Document Detail


Income differences in food consumption in the 1995 Australian National Nutrition Survey.
MedLine Citation:
PMID:  14506479     Owner:  NLM     Status:  MEDLINE    
Abstract/OtherAbstract:
OBJECTIVE: To assess the relationships between an index of per capita income and the intake of a variety of individual foods as well as groups of food for men and women in different age groups. DESIGN: Cross-sectional national survey of free-living men and women. SUBJECTS: A sample of 5053 males and 5701 females aged 18 y and over who completed the Australian National Nutrition Survey 1995. METHODS: Information about the frequency of consumption of 88 food items was obtained. On the basis of scores on the Food Frequency Questionnaire, regular and irregular consumers of single foods were identified. The relationships between regularity of consumption of individual foods and per capita income were analysed via contingency tables. Food variety scores were derived by assigning individual foods to conventional food group taxonomies, and then summing up the dichotomised intake scores for individual foods within each food group. Two-way ANOVA (income x age group) were performed on the food variety scores for males and females, respectively. RESULTS: Per capita income was extensively related to the reported consumption of individual foods and to total and food group variety indices. Generally, both men and women in low income households had less varied diets than those in higher-income households. However, several traditional foods were consumed less often by young high-income respondents, especially young women. CONCLUSIONS: Major income differentials in food variety occur in Australia but they are moderated by age and gender. Younger high-income women, in particular, appear to have rejected a number of traditional foods, possibly on the basis of health beliefs. The findings also suggest that data aggregation has marked effects on income and food consumption relationships.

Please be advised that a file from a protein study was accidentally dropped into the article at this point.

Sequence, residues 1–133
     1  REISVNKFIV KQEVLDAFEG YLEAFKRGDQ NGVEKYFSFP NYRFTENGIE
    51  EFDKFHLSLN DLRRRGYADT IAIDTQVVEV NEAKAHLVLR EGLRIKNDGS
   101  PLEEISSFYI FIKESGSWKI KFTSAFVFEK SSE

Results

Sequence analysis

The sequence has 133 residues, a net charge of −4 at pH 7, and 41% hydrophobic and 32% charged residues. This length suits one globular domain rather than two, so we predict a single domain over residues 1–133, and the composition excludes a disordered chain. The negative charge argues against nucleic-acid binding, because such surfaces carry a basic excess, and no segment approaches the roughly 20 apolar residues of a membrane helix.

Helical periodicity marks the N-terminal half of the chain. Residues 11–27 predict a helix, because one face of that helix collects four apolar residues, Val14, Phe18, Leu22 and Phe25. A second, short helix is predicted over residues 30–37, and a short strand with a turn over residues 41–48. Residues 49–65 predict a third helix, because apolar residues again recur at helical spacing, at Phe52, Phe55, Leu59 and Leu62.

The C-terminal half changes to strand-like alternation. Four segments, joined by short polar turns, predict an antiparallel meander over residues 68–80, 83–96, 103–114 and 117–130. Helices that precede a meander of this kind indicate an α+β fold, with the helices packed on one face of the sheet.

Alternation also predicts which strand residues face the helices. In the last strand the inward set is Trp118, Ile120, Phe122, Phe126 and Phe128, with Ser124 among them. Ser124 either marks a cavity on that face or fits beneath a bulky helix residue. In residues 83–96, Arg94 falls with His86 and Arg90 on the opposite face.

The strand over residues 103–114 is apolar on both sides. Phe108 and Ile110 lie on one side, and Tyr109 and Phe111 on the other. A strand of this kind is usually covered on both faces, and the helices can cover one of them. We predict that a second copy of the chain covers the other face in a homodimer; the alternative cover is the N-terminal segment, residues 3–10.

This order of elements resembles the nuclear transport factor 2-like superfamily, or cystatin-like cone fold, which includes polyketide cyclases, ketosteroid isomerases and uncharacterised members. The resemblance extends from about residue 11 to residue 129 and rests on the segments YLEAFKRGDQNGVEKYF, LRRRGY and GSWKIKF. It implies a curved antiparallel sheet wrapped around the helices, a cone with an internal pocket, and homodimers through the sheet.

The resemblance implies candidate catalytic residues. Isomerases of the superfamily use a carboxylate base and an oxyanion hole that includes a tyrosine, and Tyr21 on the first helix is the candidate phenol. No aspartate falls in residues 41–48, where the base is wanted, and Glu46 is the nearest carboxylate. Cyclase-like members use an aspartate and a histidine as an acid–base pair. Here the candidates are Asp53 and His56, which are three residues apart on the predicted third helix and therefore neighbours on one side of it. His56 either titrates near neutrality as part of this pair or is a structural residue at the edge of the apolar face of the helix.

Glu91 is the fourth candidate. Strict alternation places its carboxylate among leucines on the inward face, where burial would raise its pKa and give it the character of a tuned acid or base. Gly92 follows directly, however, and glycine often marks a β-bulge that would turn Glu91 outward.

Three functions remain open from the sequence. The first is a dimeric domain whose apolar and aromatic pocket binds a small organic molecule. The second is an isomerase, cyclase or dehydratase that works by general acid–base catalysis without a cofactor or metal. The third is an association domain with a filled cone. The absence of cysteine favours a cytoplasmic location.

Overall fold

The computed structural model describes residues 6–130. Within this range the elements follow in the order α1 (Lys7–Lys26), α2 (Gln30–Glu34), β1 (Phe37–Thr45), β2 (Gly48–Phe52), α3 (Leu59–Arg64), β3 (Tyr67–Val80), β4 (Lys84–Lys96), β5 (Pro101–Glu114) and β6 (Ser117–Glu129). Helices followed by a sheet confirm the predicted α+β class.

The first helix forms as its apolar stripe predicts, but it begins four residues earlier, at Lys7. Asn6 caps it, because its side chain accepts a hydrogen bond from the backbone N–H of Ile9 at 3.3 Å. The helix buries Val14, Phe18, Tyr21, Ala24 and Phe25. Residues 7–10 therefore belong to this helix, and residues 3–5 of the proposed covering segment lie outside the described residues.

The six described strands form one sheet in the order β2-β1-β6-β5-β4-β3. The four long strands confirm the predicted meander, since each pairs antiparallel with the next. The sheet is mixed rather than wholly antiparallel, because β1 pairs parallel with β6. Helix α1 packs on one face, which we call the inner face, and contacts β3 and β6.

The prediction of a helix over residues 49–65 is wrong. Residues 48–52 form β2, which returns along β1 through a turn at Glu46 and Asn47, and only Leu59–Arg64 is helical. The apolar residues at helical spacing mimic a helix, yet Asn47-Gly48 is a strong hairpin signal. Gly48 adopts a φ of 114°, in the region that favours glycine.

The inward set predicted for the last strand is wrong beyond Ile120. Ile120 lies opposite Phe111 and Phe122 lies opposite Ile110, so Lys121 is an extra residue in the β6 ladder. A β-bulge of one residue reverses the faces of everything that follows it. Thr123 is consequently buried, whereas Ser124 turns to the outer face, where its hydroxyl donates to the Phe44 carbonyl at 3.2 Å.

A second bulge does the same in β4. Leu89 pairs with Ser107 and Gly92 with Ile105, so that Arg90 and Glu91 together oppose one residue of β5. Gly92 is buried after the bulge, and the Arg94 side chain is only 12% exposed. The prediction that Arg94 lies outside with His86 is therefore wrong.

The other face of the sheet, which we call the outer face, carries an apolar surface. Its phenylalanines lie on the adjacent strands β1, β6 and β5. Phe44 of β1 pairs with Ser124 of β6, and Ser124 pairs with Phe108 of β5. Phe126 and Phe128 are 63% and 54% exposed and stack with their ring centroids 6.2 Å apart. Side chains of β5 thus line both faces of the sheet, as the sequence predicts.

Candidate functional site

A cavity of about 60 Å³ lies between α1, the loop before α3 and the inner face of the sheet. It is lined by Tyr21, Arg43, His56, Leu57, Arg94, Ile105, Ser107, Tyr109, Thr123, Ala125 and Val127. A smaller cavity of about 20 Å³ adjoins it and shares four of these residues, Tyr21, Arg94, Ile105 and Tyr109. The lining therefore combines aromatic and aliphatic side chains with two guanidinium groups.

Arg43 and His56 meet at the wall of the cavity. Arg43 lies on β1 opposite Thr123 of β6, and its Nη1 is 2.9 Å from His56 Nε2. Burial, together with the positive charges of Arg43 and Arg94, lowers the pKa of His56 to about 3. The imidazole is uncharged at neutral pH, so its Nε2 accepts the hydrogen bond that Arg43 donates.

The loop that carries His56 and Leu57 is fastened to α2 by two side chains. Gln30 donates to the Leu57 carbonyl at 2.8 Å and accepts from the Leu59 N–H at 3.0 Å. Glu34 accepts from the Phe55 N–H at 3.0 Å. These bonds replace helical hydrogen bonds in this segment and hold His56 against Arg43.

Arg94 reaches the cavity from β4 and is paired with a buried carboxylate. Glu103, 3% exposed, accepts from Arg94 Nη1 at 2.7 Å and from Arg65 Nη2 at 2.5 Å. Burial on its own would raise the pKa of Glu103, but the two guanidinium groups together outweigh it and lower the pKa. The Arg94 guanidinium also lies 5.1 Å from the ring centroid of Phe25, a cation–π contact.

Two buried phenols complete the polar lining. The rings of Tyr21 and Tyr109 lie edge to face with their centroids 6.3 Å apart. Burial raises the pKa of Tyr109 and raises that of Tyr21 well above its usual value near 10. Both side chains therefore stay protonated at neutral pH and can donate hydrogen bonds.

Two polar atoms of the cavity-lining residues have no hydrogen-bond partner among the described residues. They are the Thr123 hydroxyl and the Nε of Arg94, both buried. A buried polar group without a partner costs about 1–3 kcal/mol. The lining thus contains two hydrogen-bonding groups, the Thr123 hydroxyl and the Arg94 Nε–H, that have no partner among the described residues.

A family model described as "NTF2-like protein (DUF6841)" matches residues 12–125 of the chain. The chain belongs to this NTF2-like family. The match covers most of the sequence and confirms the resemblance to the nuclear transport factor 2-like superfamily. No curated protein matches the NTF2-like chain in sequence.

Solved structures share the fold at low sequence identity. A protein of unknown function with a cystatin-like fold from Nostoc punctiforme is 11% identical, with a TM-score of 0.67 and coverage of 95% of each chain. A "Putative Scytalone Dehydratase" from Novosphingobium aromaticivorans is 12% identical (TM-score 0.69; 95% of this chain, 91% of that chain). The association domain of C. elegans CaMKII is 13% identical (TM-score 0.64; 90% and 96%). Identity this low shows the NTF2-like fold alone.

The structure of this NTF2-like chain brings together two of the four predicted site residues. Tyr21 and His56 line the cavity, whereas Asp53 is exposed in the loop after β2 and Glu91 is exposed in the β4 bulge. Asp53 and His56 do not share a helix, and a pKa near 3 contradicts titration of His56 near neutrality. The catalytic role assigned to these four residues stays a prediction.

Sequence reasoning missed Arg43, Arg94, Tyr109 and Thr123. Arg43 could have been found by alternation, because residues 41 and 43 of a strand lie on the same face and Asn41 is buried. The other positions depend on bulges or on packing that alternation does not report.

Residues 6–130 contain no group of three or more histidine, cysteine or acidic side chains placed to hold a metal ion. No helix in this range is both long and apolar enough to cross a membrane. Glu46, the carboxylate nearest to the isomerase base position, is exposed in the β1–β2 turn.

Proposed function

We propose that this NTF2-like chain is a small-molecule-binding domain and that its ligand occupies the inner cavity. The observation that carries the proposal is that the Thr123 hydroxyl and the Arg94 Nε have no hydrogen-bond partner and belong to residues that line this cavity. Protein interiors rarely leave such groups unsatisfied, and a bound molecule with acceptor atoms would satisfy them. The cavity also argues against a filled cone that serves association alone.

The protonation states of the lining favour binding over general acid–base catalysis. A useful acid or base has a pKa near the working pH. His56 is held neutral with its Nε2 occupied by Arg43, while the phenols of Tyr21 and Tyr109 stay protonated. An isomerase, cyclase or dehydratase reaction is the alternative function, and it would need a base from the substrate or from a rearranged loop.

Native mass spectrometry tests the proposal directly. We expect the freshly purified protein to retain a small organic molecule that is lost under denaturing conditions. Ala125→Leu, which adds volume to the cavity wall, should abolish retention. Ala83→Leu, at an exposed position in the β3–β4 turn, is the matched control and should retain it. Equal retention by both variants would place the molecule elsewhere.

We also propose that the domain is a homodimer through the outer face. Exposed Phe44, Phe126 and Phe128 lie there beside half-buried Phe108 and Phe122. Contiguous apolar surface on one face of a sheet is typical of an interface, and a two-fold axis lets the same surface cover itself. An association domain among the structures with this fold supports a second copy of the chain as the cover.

Authors:
A Worsley; R Blasche; K Ball; D Crawford
Related Documents :
12186319 - Food security and perceptions of health status: a preliminary study in rural appalachia.
9164989 - Questionnaire-based measures are valid for the identification of rural households with ...
17212839 - Impact of parental education and income inequality on children's food intake.
21335039 - A study of the relationship between degree of ethnocentrism and typologies of food purc...
14506479 - Income differences in food consumption in the 1995 australian national nutrition survey.
10436729 - The impact of the afdc and food stamp programs on child nutrition: empirical evidence f...
15585009 - Identification of allergens responsible for canine cutaneous adverse food reactions to ...
18722469 - Overview of modifiers of methylmercury neurotoxicity: chemicals, nutrients, and the soc...
22898159 - Convenience stores and the marketing of foods and beverages through product assortment.
Publication Detail:
Type:  Journal Article; Research Support, Non-U.S. Gov't    
Journal Detail:
Title:  European journal of clinical nutrition     Volume:  57     ISSN:  0954-3007     ISO Abbreviation:  Eur J Clin Nutr     Publication Date:  2003 Oct 
Date Detail:
Created Date:  2003-09-24     Completed Date:  2004-03-08     Revised Date:  2006-11-15    
Medline Journal Info:
Nlm Unique ID:  8804070     Medline TA:  Eur J Clin Nutr     Country:  England    
Other Details:
Languages:  eng     Pagination:  1198-211     Citation Subset:  IM    
Affiliation:
School of Health Sciences, Deakin University, Melbourne, Australia. tonyw@deakin.edu.au
Export Citation:
APA/MLA Format     Download EndNote     Download BibTex
MeSH Terms
Descriptor/Qualifier:
Adolescent
Adult
Age Distribution
Analysis of Variance
Australia
Cross-Sectional Studies
Eating*
Female
Food / classification*,  economics*
Food Habits*
Humans
Income*
Male
Middle Aged
Nutrition Surveys
Sex Distribution

From MEDLINE®/PubMed®, a database of the U.S. National Library of Medicine


Previous Document:  Possible roles of magnesium on the immune system.
Next Document:  Predicting dietary intakes with simple food recall information: a case study from rural Mozambique.